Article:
Giving patients electronic access to their doctors’ notes may help them feel more in control of their care and increase medication adherence, according to a study reported in the Oct. 2 Annals of Internal Medicine. More than 20,000 patients at primary care practices affiliated with Beth Israel Deaconess Medical Center in Boston, Geisinger Health System in Danville, PA, and Harborview Medical Center in Seattle were invited to review their doctors’ notes online after an office visit.
Of 5,391 patients who opened at least one note during the one-year project, more than three-quarters said the open notes made them feel more in control of their care, and at least 60% reported increased adherence to medications. Few doctors reported longer visits or more time addressing patients’ questions outside of visits, and none elected to stop providing access to notes after the study ended.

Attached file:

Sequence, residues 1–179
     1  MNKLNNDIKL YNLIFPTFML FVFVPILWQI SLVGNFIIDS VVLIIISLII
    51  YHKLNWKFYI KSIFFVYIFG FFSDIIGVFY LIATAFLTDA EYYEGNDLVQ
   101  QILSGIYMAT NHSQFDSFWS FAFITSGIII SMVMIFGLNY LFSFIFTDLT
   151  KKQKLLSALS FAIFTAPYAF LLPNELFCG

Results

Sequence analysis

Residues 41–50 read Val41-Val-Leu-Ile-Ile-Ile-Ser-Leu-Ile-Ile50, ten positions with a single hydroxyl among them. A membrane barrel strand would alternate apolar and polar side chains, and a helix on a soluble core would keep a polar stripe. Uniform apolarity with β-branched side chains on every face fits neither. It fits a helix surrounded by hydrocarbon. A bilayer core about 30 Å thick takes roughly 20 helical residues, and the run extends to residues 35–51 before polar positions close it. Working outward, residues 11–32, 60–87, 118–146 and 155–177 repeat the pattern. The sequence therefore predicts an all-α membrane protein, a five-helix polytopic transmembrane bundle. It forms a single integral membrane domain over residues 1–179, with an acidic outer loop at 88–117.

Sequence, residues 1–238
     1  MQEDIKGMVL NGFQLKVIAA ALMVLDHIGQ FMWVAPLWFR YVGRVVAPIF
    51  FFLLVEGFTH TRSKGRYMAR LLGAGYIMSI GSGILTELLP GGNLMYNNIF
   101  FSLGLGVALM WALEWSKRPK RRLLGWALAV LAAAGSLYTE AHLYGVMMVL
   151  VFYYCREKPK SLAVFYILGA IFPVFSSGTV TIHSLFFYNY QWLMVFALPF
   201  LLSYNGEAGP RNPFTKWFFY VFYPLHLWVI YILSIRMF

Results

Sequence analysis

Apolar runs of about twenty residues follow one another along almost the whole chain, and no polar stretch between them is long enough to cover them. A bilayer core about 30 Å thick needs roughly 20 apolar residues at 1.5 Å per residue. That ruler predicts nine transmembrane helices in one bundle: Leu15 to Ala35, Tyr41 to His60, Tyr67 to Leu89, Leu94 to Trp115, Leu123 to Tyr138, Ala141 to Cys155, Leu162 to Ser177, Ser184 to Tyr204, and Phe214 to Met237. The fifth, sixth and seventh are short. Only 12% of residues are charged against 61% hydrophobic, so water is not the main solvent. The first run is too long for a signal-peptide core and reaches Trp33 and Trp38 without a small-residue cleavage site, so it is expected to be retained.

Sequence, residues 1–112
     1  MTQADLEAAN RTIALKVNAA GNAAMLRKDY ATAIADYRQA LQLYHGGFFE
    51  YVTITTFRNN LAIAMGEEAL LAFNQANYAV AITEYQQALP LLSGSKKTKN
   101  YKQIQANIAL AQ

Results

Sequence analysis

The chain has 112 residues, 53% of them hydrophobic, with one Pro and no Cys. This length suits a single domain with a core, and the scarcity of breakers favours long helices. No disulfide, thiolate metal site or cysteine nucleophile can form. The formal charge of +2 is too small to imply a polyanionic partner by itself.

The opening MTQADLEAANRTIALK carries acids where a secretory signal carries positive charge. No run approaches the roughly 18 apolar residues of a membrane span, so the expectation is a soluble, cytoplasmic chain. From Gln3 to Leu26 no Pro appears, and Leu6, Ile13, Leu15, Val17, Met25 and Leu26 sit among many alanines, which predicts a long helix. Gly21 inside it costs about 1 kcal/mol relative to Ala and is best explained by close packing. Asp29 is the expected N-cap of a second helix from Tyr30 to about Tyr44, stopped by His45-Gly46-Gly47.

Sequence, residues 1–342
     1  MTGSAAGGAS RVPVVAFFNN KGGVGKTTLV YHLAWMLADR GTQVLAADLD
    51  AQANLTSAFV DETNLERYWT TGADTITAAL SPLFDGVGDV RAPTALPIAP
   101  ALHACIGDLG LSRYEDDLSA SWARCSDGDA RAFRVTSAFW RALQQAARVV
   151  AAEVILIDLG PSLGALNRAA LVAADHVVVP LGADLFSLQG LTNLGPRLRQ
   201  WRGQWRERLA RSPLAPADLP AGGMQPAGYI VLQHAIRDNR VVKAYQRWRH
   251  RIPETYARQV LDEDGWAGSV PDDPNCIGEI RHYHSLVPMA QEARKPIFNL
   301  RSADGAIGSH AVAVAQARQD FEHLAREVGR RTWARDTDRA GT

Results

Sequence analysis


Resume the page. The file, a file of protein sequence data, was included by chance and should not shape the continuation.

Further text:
For more on the project, visit www.myopennotes.org.